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What is a waiver
Under the section 206(1)(b) of the VEA, the Commission has a broad discretion to waive the right of the Commonwealth to recover the whole or part of an overpayment. A determination to waive a debt under section 206(1)(b) must be made in writing. This has the effect of permanently extinguishing the debt that arose from overpayment.
Who can perform a waiver?
Only a person at particular level is delegated to waive a debt under s 206(1)(b) on behalf of the Commission.
The relevant levels and the maximum amounts these are authorised to waive are set out in the Commission’s instrument of delegation. Delegates can find a copy of the most recent delegation instrument in TRIM or on DVA’s intranet.
The total amount of the debt at the time waiver is being considered should be used to determine who should exercise the delegated power e.g. if a client has a $200,000 debt but $50,000 is being waived, only a person with the delegation to make a decision in relation to a $200,000 debt should exercise the waiver power.
It should be noted that a decision not to waive a debt can also only be made by a person who holds the necessary financial delegation.
Under what conditions may a waiver be undertaken?
The Commission has a broad power under section 206(1)(b) to waive debts that arise under the VEA. There are no legislative criteria that must be met before a debt can be waived. However, as a matter of policy, a debt should only be waived if all appropriate recovery action has been considered and a write-off is not appropriate.
Under section 206(1)(b) of the VEA the Commission may waive the right of the Commonwealth to recover:
- all or part of a debt that becomes payable under or as a result of the Act; and
- those categories of debts under or as a result of the Act that are included in a class of debts specified by the Minister in the Gazette (referred to as ‘ministerial waivers’ in this document).
At present the following classes of debts have been specified for ministerial waiver:
- debts calculated manually to be an amount less than $200, or where the delegate is satisfied on the basis of available evidence that the amount of the overpayment is, or is likely to be, less than $200; and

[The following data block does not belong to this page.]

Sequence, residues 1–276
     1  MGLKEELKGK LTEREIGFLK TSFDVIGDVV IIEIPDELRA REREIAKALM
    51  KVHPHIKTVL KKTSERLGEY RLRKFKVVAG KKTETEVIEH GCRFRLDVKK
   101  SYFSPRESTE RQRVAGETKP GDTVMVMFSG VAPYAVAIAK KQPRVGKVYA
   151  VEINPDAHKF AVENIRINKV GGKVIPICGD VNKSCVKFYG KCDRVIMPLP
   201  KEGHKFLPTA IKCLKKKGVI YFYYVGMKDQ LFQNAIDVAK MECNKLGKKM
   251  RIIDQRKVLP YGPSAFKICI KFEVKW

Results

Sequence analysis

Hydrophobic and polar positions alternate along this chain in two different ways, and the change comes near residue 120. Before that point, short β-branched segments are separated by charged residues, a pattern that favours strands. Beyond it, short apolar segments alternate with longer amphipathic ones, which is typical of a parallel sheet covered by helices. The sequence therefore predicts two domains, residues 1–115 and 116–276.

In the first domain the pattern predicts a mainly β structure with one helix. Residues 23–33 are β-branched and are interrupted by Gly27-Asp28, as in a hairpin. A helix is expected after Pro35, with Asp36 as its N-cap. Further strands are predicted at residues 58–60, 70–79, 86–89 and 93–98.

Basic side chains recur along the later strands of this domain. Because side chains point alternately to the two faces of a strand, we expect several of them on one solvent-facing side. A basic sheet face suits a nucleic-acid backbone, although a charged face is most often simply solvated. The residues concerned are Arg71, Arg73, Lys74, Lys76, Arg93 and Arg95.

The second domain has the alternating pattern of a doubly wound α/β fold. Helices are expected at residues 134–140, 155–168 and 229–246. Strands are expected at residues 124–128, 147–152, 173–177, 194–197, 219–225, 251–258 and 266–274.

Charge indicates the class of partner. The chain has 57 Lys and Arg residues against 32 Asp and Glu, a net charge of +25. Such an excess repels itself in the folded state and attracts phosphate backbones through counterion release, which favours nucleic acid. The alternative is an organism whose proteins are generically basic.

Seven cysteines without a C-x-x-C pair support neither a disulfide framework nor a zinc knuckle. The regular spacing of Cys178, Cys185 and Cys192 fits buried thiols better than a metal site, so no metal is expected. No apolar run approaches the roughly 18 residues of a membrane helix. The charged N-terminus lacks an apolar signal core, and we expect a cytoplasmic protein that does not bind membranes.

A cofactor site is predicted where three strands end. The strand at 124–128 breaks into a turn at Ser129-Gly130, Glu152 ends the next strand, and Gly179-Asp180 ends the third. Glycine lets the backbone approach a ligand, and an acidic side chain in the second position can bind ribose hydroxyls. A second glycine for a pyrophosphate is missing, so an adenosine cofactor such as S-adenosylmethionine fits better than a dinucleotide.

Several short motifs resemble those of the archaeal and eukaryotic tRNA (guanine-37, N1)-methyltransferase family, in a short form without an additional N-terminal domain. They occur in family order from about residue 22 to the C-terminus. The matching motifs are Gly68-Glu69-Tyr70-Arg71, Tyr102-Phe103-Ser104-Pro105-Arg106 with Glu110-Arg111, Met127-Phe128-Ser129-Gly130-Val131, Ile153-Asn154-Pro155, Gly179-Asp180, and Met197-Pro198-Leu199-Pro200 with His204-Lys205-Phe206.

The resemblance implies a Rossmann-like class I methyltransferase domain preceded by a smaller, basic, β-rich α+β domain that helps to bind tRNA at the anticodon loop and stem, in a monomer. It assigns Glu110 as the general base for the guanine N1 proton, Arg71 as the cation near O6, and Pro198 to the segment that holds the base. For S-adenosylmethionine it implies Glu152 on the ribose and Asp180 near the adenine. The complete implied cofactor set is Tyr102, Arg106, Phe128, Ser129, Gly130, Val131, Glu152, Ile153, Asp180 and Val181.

- debts incurred by certain persons receiving certain income streams.
There are further circumstances in which an overpayment may be waived:
- extreme or unusual circumstances;
- the ‘other reasons’ category;
- notional entitlement;
- administrative error; and
- administrative delay.
Further guidance on each of these conditions is discussed in the Overpayment Management Manual.
There are circumstances in which an overpayment should be waived, including where:
- the debtor is deceased and there is no estate or the estate has insufficient asset to repay the debt;
- the debt is irrecoverable at law, for example, the statutory time limit on recovery has expired or the debtor has been discharged from bankruptcy, the debt arose before the date of bankruptcy, and debt was not incurred by fraud; or
- if the debtor is no longer receiving a payment, and is not likely to do so in the future, and the overpayment is less than $200. Note, the existence of a Ministerial determination in which debts less than $200 may be waived.
In addition, if the delegate has provided the client with a discount for a one-off payment, then the discounted amount must be waived.
Debts incurred by certain persons receiving income streams
If a debt is raised as a result of the restructure of a non-compliant self-managed superannuation or small APRA fund 100 per cent asset test–exempt income stream, the debt may be waived if the circumstances that created the debt meet the criteria set out in the Veterans’ Entitlements (Class of Debts—Self Managed Superannuation and Small APRA Funds) Specification 2012.
All cases where this situation arises should be referred to the Investment Database Unit.
Extreme or unusual circumstances
A debt should be waived if a delegate determines that extreme or unusual circumstances exist and it would be unreasonable to pursue recovery of the debt. For this provision to apply, the circumstances need to be unusual, uncommon or exceptional. The following are examples of such circumstances:
- If a debtor is convicted of an offence and is in sentencing, the court can order that a term of imprisonment be served in lieu of repaying the debt. This is distinct from a sentence of imprisonment for the offence committed or failure to pay fines and costs. If the reason for imprisonment is not clear, advice should be sought from the Department of Public Prosecutions.
- If there are compelling and compassionate reasons—for example, a debtor is seriously or terminally ill—the delegate might be satisfied that partial repayment is acceptable and the balance of the debt or debts may be waived.